In the year 2000, the temperature values in the affected areas are on average one degree Celsius higher than in the period from 1970 to 2000.
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In Nepal, the deserts are also spreading further and further. The only thing that can help is sustainable agriculture – for example, growing grain only in terraces where the soil cannot be washed away so easily.5
High in the mountains, too, the situation is becoming increasingly problematic. In the Khumbu Region, there are several settlements of the Sherpa – they do both agriculture and secure their survival through livestock farming.
The Sherpas keep Yaks, Sheep and Cashmere Goats – these provide them with valuable protein as well as precious Cashmere Wool, through the sale of the latter they can earn additional financial income.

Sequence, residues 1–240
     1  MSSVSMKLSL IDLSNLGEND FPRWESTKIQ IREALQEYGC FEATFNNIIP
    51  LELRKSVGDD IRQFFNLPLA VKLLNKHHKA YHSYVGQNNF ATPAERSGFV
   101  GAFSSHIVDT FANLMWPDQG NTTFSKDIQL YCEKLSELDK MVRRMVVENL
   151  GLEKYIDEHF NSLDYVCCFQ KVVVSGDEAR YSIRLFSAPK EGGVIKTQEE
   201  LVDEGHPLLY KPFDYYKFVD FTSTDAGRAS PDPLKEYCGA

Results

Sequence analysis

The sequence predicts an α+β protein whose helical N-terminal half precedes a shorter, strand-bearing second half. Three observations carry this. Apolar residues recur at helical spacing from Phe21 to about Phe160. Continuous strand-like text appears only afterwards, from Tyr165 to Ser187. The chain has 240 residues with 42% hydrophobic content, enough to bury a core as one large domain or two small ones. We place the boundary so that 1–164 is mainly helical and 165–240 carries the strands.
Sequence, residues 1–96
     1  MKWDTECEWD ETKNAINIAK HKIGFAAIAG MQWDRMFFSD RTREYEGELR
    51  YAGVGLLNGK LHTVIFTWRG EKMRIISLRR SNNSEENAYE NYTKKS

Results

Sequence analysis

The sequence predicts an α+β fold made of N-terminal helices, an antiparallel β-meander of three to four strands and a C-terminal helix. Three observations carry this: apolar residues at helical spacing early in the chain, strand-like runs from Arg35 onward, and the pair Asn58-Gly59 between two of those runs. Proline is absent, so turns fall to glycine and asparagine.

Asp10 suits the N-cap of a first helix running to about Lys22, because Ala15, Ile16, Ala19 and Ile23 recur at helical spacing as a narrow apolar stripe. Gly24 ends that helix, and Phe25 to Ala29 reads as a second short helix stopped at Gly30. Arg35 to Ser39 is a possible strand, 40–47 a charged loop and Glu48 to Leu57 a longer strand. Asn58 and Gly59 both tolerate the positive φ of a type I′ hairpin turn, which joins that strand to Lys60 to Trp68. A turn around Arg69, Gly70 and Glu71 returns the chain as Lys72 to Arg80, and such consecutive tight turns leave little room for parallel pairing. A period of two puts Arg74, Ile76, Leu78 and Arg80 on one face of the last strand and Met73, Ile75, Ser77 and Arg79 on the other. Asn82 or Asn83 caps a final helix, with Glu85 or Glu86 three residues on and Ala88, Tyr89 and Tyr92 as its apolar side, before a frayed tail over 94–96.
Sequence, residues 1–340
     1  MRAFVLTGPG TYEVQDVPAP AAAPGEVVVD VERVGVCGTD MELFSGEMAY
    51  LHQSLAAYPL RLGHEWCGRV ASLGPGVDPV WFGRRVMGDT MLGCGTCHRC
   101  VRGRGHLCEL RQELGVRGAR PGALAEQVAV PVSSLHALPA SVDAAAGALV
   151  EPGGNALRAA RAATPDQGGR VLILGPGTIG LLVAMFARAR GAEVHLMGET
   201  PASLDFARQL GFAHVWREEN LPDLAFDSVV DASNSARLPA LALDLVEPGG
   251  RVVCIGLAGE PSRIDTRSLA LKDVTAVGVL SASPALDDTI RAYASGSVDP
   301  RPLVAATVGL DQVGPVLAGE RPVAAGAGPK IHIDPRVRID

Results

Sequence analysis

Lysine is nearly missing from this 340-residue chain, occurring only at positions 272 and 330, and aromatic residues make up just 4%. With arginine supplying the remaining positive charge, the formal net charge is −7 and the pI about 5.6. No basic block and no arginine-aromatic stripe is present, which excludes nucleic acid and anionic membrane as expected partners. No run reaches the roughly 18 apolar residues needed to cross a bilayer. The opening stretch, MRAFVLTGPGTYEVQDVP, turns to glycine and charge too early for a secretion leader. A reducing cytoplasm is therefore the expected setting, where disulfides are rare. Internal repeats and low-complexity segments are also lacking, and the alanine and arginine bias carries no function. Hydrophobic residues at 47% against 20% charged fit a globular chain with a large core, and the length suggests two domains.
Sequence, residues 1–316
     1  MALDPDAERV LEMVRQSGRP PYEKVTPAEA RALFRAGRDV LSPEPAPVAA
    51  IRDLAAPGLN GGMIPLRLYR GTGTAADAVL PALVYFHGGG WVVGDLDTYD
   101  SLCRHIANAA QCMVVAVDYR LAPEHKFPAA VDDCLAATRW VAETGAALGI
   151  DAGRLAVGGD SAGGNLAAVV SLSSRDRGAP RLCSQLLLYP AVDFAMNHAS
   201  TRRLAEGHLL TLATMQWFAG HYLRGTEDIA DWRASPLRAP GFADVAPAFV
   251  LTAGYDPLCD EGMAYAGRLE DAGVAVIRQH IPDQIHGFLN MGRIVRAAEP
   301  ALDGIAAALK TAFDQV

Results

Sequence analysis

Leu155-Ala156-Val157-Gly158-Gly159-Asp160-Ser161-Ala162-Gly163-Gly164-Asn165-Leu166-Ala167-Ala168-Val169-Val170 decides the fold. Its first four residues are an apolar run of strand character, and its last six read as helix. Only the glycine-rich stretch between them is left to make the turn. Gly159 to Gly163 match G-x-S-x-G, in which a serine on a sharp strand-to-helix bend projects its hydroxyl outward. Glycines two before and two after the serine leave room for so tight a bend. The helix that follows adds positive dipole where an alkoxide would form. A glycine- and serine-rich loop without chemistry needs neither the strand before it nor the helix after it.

The data shows that Nepal loses 1.6 millimeters of soil every year, extrapolated to about 240 million cubic meters annually.
The Sherpas have always farmed sustainably – this means that they regularly let the soil rest. They leave the settlements for several weeks every year and also take their livestock with them. During this time, the grasslands can recover and grow again.
But climate change also threatens this rhythm of nomadism, which has been established for centuries.
The tree line is also shifting ever higher. Whereas in 1958 it was still at 3673 meters, in 2007 trees were already growing 160 meters higher.
Shepherds have to move to ever higher mountain regions to find pastures for their animals. But these areas are getting smaller and the paths longer.